A new study finds that a sizable majority of the Internet is taken up by pictures of cats.

“Cats have always taken up at least half the Internet, but they’ve really pulled away in this study,” said Dr. Francis Spitznagel of the Pew Center, who noted that when the center conducted a similar survey in 2009, pictures of cats led videos of people injuring themselves by only a relatively small 18 percent margin.

“Now nobody’s within 30 points of the cats,” he said.

The study breaks down the pictures of cats into the following categories:

1) Kittens;
2) Fat cats;
3) Cats canoodling with other animals (dogs, mice, babies, other cats, ferrets, etc.);
4) Cats wearing clothes (mostly hats);
5) Cats wielding lightsabers;
6) That cat with the lime peel on its head;
7) Catwoman (NSFW).

“The bandwidth required for the kittens and fat cats alone is greater than that taken up by Amazon, Google and the Pentagon combined,” said Spitznagel, who noted that it took researchers more than a year to compile the information. “Although we were able to carry over much of the Catwoman data from our study of superheroine breast size,” he noted.

Pew researchers were hard pressed to explain the feline photo surge, but Stanford University economist Wendall Wuffie says the state of the economy could be the cause, in much the same way the economic collapse of fall 2008 led to a run on cardboard turkeys.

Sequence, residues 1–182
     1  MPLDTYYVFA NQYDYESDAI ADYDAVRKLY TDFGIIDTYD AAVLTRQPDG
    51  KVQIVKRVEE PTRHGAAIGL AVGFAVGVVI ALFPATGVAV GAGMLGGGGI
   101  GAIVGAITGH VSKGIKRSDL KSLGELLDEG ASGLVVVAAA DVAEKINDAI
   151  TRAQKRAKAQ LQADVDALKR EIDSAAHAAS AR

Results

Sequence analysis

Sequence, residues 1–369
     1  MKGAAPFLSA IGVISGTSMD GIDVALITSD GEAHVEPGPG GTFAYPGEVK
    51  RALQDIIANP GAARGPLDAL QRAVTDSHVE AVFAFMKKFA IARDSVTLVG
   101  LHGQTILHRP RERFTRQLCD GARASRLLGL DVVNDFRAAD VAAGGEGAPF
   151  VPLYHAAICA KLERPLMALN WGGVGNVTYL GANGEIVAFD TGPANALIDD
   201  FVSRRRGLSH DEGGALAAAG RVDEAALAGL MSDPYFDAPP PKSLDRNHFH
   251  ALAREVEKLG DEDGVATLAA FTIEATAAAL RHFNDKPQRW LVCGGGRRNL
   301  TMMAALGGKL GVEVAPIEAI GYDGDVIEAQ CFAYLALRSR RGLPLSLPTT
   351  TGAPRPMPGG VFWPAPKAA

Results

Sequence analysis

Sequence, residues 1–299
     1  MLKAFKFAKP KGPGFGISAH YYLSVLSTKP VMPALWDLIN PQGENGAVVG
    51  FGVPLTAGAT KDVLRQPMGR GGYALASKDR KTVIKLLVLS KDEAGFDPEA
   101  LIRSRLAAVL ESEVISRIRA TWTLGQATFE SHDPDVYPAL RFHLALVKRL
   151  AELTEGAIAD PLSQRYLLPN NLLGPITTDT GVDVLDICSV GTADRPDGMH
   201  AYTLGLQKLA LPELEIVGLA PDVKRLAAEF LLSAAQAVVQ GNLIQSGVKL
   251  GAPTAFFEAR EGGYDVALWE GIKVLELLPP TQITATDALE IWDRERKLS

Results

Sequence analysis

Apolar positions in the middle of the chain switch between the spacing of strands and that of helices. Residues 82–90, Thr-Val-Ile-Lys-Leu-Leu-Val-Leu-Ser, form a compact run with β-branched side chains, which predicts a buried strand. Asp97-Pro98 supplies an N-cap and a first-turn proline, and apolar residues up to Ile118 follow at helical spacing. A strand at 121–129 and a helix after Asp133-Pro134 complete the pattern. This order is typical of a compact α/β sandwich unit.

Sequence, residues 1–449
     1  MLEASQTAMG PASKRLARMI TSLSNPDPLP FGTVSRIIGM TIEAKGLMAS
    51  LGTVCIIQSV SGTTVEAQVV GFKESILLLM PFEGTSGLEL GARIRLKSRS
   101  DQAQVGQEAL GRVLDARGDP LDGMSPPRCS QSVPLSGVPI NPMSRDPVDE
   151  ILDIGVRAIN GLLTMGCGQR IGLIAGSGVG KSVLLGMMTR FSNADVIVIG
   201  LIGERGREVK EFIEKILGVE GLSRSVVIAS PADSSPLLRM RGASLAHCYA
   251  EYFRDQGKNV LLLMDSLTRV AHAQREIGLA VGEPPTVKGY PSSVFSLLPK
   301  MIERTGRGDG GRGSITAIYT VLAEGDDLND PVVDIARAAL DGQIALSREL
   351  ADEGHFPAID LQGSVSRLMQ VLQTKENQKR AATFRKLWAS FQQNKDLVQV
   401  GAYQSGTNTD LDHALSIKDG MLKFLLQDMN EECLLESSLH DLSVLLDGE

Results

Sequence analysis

“During tough times, people turn to stress relievers that make them feel more relaxed despite an uncertain future,” said Wuffie. “And what makes people feel more relaxed than a picture of a soft, fluffy, happy kitty?

“Aside from all the porn, I mean,” he added.

Pornography, always popular on the Web, actually fell from third to eighth on the list in the latest survey, however. In addition to pictures of cats and videos of people injuring themselves, porn took a back seat to:

- Videos of babies talking to each other
– Videogame cheats
– Rebecca Black’s Friday video
– Spoofs of Rebecca Black’s Friday video
– Bomb-making instructions

“We definitely expected pornography to finish higher,” admitted Spitznagel. “It just goes to show you that the personal habits of our researchers don’t necessarily reflect those of society in general.

“And if you worked with some of these guys, you’d know what a good thing that is,” he added.

Numbers nine through 20 on the list all featured some combination of dogs and/or other animals; wedding mishaps; smiling and/or crying children; Star Wars fan films; squirrels inserted digitally into other photos; and opinions about President Barack Obama’s birth certificate.

This story was originally publised in CapNews.  Read the full story here.

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